The use of X-ray in-line phase tomography, not only promises to outperform conventional histology in terms of time of acquisition and precision for 3D measurement on native samples. It also enables, thanks to its high sensitivity to interfaces, to highlight specific areas that did not attract particular attention in conventional histology and are not referenced in atlases of developmental biology. This is for instance the case, with the very textured part located after the outer part of the nucellus at DAP 21 visible in Fig. 3. Thanks to the quantitative comparison with conventional histology, we are in position to state that this textured region is part of the pericarp. The texture can physically originate from multiscale interfaces, which would be compatible with a porous air-tissues interface. This conjecture is now open for further investigations.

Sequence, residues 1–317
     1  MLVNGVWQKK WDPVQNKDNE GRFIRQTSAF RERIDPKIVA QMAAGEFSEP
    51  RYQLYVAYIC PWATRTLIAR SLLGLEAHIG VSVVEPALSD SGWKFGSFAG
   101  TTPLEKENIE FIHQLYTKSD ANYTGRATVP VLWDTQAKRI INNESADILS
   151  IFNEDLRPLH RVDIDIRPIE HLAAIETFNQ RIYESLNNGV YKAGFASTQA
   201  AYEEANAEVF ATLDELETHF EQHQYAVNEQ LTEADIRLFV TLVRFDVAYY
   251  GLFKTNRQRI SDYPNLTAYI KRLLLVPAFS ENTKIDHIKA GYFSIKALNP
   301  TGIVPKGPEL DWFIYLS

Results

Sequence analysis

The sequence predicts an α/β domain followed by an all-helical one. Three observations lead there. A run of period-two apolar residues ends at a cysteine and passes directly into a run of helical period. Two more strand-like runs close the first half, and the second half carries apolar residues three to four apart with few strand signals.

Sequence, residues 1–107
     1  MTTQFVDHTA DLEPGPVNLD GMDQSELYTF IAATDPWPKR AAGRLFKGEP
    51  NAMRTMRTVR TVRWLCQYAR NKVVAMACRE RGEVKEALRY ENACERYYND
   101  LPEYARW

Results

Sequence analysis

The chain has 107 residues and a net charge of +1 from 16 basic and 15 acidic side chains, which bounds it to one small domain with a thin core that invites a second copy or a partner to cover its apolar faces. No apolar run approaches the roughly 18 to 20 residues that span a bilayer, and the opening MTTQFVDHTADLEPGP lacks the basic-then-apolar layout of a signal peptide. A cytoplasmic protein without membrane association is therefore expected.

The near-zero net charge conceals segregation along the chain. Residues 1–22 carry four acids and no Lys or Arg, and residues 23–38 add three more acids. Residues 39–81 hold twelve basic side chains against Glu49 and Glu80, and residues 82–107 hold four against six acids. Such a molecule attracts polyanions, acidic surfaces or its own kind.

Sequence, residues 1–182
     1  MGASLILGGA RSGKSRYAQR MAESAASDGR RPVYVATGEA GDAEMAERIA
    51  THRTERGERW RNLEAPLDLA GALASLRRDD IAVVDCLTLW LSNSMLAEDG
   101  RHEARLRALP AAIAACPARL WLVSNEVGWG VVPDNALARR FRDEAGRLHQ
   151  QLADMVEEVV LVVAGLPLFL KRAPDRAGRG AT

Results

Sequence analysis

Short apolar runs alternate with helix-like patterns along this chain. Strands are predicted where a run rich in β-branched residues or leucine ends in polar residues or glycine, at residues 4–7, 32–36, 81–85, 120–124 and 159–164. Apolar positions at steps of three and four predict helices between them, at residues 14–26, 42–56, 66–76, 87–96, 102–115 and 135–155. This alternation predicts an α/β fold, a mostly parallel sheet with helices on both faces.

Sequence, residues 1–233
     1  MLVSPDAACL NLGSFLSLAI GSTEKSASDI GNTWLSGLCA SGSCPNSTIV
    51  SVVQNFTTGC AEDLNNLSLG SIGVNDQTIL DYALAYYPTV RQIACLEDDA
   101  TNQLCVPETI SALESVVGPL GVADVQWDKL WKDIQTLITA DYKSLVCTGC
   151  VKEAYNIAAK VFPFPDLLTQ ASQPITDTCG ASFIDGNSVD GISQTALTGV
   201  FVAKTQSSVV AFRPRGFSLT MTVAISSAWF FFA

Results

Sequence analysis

This proof of concept for quantitative use of X-ray in-line phase contrast for developing seeds also pinpointed several limitations of this method. The most obvious one is the lack of cellular resolution when compared to conventional histology. This could possibly be overcome by higher spatial resolution imaging a small part of the sample in a local tomography mode inside the same type of seeds. In addition, the obtained results were established in non-natural conditions since for room constrains, the grains were extracted from their ear during the 20 min acquisition. Also, because of the limitation of the temporal access to the synchrotron beam, it was not possible to realize a time lapse experiment monitoring the morphogenesis of a single seed throughout different developmental stages. Consequently, the knowledge of the possible impact of the X-ray dose on maize seed development was not accessible. New development in coherent X-ray sources accessible to standard lab environments may open access to such complementary experiments. Desktop phase contrast micro-CT devices are beginning to develop. The usual solution is to use interferometry which requires several scans of the sample with adapted gratings yielding to long scan times, and is generally limited to a spatial resolution of a few micrometers, thus much higher than what was used here. The other possibility is to exploit edge enhancement effect with microfocus sources but such systems are known to offer less monochromaticity and spatial coherence than the synchrotron facility. Consequently, the assumption required for the validity of the phase reconstruction algorithm together with the assumption required for the tomographic reconstruction are not satisfied. This contrast is thus expected to be of lower quality with a desktop phase contrast micro-CT than with a synchrotron facility. To our knowledge phase CT on a desktop system has so far never been demonstrated. Although not yet accessible in routine, synchrotron radiations are now available worldwide as national or transational public facilities with an acquisition time of 20 min enabling to realize the 3D segmentation of some 72 seeds during a typical 24H run. Such acquisition campaigns could now be undertaken thanks to the methodological details on image acquisition and post-processing provided in our article for fast 3D virtual histology compared to the conventional destructive 2D histology.